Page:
If nixing grass could delay mandatory water cuts, would we actually do it?

Artificial turf

Opinion: Arizona has made a lot of cuts to prop up Lake Mead. But we don’t live like that water supply is as threatened as it is.

By Joanna Allhands | Arizona Republic

Ornamental grass is commonplace in Morrison Ranch, a master-planned community near Higley and Elliot roads in Gilbert.

You’re not going to like what comes next to save Lake Powell and Lake Mead.

The situation on the Colorado River continues to get worse. Reservoir levels are falling into worst-case scenario territory with shocking speed.

Yet even if we had new sources of water identified today (which we don’t), it would take years to build that infrastructure. And we’re now being asked to act every few months, taking ever more painful actions each time.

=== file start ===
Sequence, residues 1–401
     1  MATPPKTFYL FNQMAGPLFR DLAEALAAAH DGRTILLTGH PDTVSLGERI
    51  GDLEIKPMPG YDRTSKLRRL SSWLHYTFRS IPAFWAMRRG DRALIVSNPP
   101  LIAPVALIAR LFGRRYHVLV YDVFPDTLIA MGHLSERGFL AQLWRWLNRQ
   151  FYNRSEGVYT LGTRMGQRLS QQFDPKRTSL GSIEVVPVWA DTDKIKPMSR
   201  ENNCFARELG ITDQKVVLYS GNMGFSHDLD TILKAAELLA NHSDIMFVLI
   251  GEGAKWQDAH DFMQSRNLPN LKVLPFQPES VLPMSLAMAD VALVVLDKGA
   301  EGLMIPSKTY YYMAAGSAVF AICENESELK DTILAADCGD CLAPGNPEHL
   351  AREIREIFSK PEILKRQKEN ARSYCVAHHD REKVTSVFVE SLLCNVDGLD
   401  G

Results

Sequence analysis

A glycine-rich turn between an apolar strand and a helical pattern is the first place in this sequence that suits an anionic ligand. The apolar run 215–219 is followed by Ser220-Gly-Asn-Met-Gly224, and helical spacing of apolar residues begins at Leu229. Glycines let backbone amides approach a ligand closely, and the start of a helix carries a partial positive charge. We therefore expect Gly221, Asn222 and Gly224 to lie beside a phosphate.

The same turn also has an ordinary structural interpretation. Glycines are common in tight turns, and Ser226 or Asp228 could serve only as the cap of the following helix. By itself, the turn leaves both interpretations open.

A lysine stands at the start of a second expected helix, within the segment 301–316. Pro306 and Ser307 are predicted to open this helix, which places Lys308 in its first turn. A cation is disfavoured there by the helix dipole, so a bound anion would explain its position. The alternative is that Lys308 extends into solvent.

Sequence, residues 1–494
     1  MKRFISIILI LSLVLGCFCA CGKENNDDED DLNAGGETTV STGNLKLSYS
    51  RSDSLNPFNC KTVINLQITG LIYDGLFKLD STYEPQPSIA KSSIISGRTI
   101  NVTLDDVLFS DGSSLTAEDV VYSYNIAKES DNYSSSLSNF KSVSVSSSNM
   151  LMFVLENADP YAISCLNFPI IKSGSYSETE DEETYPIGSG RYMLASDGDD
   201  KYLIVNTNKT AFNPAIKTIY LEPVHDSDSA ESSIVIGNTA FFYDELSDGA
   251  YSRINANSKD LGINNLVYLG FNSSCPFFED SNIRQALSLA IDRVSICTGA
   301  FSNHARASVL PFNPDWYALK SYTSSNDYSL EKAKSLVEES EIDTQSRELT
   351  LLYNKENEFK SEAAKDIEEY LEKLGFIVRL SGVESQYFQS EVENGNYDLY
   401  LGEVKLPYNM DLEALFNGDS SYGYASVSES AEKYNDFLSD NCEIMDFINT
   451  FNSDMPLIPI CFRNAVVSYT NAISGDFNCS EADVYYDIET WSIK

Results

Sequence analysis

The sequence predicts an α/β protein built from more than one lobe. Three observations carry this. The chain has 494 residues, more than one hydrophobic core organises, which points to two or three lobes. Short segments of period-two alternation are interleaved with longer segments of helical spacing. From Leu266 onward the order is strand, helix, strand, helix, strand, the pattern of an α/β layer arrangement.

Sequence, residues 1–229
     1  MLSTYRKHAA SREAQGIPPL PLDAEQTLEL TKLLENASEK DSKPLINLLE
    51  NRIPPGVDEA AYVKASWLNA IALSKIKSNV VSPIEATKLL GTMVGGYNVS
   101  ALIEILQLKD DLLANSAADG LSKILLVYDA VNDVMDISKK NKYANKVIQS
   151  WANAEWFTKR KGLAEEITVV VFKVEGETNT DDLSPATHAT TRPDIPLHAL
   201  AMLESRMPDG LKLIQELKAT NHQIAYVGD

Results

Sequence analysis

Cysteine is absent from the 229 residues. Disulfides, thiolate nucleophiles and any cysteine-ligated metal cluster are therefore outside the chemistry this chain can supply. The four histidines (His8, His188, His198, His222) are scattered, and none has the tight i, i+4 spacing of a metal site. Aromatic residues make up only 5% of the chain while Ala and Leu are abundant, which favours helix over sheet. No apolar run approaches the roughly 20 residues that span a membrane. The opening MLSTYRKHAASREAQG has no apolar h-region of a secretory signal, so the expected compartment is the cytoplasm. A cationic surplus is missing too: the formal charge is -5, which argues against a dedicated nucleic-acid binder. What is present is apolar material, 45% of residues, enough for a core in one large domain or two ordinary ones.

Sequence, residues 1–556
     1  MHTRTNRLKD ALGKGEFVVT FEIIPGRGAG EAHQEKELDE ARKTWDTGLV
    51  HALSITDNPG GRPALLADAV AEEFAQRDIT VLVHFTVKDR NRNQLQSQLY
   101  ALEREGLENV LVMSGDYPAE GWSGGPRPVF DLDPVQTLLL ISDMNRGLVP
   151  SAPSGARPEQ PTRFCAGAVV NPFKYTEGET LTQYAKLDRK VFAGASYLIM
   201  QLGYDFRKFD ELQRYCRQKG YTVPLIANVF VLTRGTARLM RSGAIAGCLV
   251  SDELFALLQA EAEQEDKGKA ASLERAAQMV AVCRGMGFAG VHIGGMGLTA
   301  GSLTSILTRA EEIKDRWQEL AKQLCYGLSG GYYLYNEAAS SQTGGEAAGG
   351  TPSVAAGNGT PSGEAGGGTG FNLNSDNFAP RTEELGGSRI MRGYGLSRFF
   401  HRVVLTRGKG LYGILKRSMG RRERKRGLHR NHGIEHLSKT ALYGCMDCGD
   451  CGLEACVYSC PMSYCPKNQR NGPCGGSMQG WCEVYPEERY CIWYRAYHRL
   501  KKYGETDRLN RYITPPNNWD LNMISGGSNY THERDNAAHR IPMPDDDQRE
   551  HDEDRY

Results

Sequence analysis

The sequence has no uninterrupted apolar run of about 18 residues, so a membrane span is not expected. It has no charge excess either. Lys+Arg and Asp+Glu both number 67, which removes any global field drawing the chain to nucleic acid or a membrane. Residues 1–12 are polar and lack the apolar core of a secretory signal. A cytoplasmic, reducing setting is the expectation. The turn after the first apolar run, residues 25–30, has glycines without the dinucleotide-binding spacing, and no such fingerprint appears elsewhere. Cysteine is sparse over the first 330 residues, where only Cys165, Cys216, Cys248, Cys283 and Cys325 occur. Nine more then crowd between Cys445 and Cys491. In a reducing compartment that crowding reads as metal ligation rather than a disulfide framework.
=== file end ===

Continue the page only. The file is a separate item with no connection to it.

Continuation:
The only meaningful thing we can do in the short term is use less water.

A lot less.

Arizona has cut deeply to prop up Lake Mead

I know. We’ve been down this road before. Arizona has already agreed to leave – be it from voluntary measures or mandatory cuts – more than 800,000 acre-feet in Lake Mead this year.

That’s more than 260 billion gallons – or roughly what the state would have been forced to cut if the lake were in a Tier 3 shortage, the worst for which we’ve planned.

Yet we’re still officially in a Tier 1 shortage, which for the central Arizona cities that receive Colorado River water, still means precious little.